Masculine plural forms of second and third person subjects are used for honorific singulars as well. In case the subject noun is in dative case, following forms of the auxiliary verb ‘be’ are used: Dative case Person Masculine Feminine Sg. Pl. Sg. Pl 1st/3rd chu chi cha cha 2nd(sg.) chuy chiy chay chay 2nd (pl/hon) chuv1 chiv1 chav1 chav1 Note that if the dative verb has a theme, then the verb shows agreement with the theme.

Passive transitive sentences express both the personal passive as well as the capability meaning. The intransitive passive conveys only the

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3.2.5.2.2. Past Tense Morphologically past tense has three forms: proximate/simple, indefinite, and remote. The proximate past forms are derived by means of the infix -v/y. The indefinite and remote past are formed by adding the suffixes to the verb stem, noted in the second and third line respectively. The addition incurs certain morphophonemic changes in the verb stem. Person Masculine Sg. Pl. 1st /3rd I -v -yi II -yo:v -e:yi III -e:yo:v -e:ye:yi 2nd (sg) -yo:th -e:yath -ye:yo:th -e:yath 2nd (pl) -yo:v1 -e:yv1 -e:yo:v1 -e:ye:yv1 Feminine Sg. yi -e:yi -e:ye:yi -e:yath -e:yath -e:yv1 -e:ye:yv1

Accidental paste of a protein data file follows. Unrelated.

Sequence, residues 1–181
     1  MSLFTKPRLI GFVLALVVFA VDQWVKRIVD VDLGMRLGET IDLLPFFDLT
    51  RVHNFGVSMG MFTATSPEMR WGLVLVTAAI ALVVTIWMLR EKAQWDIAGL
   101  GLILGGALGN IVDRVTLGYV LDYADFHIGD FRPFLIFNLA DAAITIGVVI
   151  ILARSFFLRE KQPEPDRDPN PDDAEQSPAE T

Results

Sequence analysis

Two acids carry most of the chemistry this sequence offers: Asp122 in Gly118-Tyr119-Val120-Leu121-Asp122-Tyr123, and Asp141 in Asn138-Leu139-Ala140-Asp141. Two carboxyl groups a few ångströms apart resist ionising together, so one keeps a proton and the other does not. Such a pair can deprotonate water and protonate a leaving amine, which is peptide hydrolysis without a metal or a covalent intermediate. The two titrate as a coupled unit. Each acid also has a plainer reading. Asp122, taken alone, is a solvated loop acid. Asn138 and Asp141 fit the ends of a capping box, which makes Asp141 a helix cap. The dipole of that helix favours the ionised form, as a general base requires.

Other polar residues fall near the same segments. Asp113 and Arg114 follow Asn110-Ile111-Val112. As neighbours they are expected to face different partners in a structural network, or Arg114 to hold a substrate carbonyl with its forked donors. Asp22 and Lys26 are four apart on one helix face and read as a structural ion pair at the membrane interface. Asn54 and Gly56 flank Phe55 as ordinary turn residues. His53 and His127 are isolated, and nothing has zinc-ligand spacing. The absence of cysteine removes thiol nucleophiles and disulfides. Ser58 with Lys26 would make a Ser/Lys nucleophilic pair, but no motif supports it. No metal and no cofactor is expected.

are added to the above given inflected forms (i.e.1st/3rd person forms) for deriving the second person singular forms. Masculine Sg. Pl. -uth -ith -o:th -yath Feminine Sg. Pl. -1th -yath -yath -yath

(i) (ii)

Pl. -yi -e:yi -e:ye:yi -e:yath -e:yath -e:yv1 -e:ye:yv1

The suffixes in (i) are added to the consonant ending verb forms and those in (ii) are added to the vowel ending verb forms. Verb forms of the second person Masculine Feminine Sg. Pl. Sg. poruth p\rith p\r1th choluth ch\lith ch\jith onuth \nith \nith kh’o:th kheyath kheyath n’u:th niyath niyath

The paradigms of intransitive and transitive verbs in the past are different. Note that in the past, the subject of transitives and a few exceptional intransitives is marked ergative and the direct object, which may be animate or inanimate, takes nominative case. Transitive verbs agree with the absolutive object in gender and number. In case the subject is first or third person, forms of the verbs agreeing with the object in gender and number are given as per the following examples: Verb par chal an khe ni ‘read’ ‘wash’ ‘bring’ ‘eat’ ‘take’ Masculine Sg. Pl. por p\r’ chol ch\l’ on \n’ khev kheyi n’uv niyi Feminine Sg. Pl. p\r pari ch\j chaji \n’ ani kheyi kheyi niyi niyi